Software development is a complex process. By choosing the right methodology, the developer can achieve the requested results, communicate with the client, and minimize the number of errors.
One of the most popular methodologies is agile. Let’s look a little closer at what agile software development is all about.
What is agile?
This project management methodology focuses on delivering and continuously improving small parts of the software instead of delivering the entire app by the deadline.
When agile methodology is applied, the software goes through the development process. You can’t always predict the outcome, but you can make changes along the way to achieve the requested goal.
During Agile custom software development, the client is part of the development team. Developers interact with the client each step of the way to ensure 100% satisfaction and understanding of the requirements.
Agile is an approach that involves incremental delivery, team collaboration, and continual planning. Unlike another popular methodology, waterfall, the results are provided in pieces throughout the project, rather than in bulk at the end.
Different types of agile methodology exist:
- DSDM (Dynamic Systems Development Method)
- XP (Extreme Programming)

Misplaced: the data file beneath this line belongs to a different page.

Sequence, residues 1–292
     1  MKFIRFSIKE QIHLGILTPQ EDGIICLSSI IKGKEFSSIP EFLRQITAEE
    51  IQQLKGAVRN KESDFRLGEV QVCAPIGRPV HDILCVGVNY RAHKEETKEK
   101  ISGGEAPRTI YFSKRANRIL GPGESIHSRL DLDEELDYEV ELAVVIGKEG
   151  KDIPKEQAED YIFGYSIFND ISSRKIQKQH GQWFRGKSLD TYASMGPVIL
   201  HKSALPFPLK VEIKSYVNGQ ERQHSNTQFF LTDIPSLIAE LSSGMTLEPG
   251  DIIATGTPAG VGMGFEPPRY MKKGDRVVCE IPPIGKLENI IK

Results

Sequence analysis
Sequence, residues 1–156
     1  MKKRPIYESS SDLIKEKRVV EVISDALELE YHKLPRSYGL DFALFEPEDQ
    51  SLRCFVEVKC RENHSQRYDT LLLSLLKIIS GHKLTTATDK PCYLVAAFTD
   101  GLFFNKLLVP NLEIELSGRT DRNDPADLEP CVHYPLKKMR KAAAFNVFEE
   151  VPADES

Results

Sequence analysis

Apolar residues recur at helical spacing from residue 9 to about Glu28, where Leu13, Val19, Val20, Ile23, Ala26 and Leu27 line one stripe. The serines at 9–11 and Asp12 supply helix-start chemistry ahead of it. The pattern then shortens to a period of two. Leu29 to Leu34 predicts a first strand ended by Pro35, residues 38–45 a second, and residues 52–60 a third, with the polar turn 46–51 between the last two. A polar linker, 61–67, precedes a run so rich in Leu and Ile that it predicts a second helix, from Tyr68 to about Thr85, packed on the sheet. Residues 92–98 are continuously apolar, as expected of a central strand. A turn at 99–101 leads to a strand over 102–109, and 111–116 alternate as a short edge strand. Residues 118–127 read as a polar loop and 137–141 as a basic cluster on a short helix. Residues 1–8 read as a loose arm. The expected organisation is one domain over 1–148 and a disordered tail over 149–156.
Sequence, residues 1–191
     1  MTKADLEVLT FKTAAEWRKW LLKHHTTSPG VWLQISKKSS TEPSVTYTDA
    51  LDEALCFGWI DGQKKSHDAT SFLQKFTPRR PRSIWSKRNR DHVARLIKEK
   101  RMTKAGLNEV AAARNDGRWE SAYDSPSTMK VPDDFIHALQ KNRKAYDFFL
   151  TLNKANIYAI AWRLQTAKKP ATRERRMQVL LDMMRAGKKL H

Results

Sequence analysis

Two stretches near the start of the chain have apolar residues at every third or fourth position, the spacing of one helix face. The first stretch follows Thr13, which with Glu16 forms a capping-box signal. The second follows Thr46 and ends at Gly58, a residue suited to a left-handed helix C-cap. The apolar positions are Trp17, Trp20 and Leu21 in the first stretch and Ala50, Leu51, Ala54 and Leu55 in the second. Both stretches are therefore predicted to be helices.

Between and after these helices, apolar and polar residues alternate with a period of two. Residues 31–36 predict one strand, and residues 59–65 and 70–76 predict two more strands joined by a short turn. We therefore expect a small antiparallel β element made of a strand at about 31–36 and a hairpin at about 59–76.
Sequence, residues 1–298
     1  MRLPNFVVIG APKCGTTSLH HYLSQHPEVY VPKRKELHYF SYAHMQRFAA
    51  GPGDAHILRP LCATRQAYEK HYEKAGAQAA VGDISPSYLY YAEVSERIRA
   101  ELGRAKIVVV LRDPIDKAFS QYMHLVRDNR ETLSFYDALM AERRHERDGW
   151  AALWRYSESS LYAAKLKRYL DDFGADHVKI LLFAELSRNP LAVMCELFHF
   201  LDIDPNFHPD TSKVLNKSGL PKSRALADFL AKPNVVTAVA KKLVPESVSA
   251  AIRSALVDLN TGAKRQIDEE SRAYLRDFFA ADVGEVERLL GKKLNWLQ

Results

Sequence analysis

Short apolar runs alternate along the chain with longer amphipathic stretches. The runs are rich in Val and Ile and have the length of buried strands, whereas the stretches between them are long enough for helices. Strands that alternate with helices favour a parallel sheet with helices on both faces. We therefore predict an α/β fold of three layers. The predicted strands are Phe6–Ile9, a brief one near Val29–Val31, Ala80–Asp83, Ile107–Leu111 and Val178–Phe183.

Advantages of agile software development
Many software developers are taking advantage of the agile methodology since it allows clear communication and close collaboration. Let’s examine the advantages of this approach.
Since clients are involved in virtually every step of software development, the entire process is 100% transparent. You can catch the error as soon as it appears and before it can affect the rest of the product.
Meanwhile, this transparency requires the client to show an understanding of the development process and find time to collaborate closely.
By using schedule sprints (usually one to four weeks), new steps of development are achieved quickly. The client always knows when to expect the next stage of the project to be completed. Thus, it’s possible to predict the time when software becomes available. Usually, agile creates an opportunity for an early release.
Since each sprint’s duration is fixed, it’s easier to predict the cost of the software development project, especially if developers are paid on an hourly basis. A client receives an estimate before each sprint, which improves the decision-making process and clarifies the budget.
Since the project is delivered in parts, it’s almost never too late to make changes. Clients and developers work together slowly to understand what needs to be tweaked at which stage. It’s possible to improve the product and change priorities when necessary.
Again, this approach requires the client to be highly involved in the process. This isn’t always preferable to some companies. However, it allows the project to have a higher ROI and lower budget.
Since the project is broken down into manageable units, the team can focus on higher-quality development, testing, communication, and collaboration. Frequent testing and reviewing during each iteration allows for discovering errors timely and improving the project’s quality.
Even though the agile approach is almost 20 years old, it’s still one of the most preferable software development methodologies. The key to using agile is a regular collaboration between the developer and the client.